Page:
Summer heat is reaching its zenith and nothing is sweeter during this time of year (or more nostalgic) than having a cold treat on a hot day. In this mid-eighties commercial from Popsicle, a way too cool dad take his son Joey on a summer tour of his hometown. He winds up at the local store where he bought his favorite childhood treat, the authentic Popsicle and he and youngling each have a delicious cherry treat while sitting on a sunny bench in the town square. It is a little corny and I find the guys accent out of whack with the small town environment he grew up in, but otherwise this is a great slice of nostalgia advertising.
Renting software in one for or another was not a new idea in 1986, but renting that software to consumers was still a pretty fresh idea. But in the era before Software as a Service, how do you get those programs in the hands of individuals? You do it the old-fashioned way of course. You get yourself a storefront. You fill it with software people would want and then you run a low-budget, but interesting commercial featuring a “talking” computer. Then….profit?
When I go to flea markets, I see phones like the Chestphone for sale all the time. I have been tempted to buy one, but have not pulled the trigger and now I know why. Because if I am going to buy any phone from the 1970s it is most certainly going to be that star-spangled work of art, the red, white and blue Candlestick phone. The American Flag Candlestick was at least around as early as 1973, which makes it pre-date the Bicentennial. That of course makes it all the more amazing. Some person was so patriotic and so retro that they chose this phone to sit on their end table and they suffered through this horrible form factor when many other amazing phones existed that were a lot easier to use.
USA! USA! USA!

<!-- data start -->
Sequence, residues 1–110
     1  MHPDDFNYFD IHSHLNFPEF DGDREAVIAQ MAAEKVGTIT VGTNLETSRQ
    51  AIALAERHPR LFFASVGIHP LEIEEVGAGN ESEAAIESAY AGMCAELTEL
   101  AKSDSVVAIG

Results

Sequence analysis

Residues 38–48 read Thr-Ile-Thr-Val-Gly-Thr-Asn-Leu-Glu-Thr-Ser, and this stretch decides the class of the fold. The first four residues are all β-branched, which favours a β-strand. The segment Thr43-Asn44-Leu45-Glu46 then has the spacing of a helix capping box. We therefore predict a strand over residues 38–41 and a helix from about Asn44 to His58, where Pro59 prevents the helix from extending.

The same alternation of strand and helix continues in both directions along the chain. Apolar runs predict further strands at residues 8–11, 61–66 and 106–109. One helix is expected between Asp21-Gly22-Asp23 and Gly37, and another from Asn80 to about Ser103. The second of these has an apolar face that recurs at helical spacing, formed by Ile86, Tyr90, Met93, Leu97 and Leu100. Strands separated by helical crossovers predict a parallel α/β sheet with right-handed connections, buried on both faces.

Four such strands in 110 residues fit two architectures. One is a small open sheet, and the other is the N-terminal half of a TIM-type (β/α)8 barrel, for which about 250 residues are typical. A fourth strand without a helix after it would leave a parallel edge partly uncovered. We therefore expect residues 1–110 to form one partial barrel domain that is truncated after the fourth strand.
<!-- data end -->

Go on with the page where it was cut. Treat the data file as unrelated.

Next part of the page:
Move over Spuds MacKenzie, this dog is the ultimate party animal, especially when he rides the “suds”. If you wanted evidence of just how popular Spuds MacKenzie was in the late eighties, this commercial speaks volumes about the beer selling dog’s popularity. The promo can get away with using just his first name and making allusions to his commercial style and EVERYONE watching on TV knew what they were talking about.
If this promo style and the name of the show sounds familiar, it is because this show was an unsuccessful attempt to revive the TV show, “That’s Incredible.” Sadly it failed and “Incredible Sunday” only last one season. Here is a promo from the premier of this nearly forgotten show.
It shouldn’t surprise fans that “The American Dream” chose Mello Yello over Mountain Dew. Mello Yello was always more of the every-man’s citrus soft drink making it the perfect drink for this wrestling legend. Any Dusty fans out there remember this commercial? Did it sway your taste in beverages?
Want to be a big deal in 1983? How about you get yourself a top of the line car phone like ht Motorola Pulsar II. It has a speaker phone, which works just like an office speaker phone. It has automatic channel scan, because you don’t have time to manually scan channels. It has automatic dialing. It can remember up to TEN numbers! Finally you don’t even have to take the phone off the hook to make a call. Now hands free you can say to everyone you know at just the touch of a button, “guess where I am calling from?”
Surely a golden age has dawned.
Video game themed movies and TV show are great, but I think the next big trend needs to be in making entertainment starring the consoles the games are played on. Sort of in the vein of “The Brave Little Toaster”, it would follow the adventures of an aging console as it attempts to find new life in the modern world.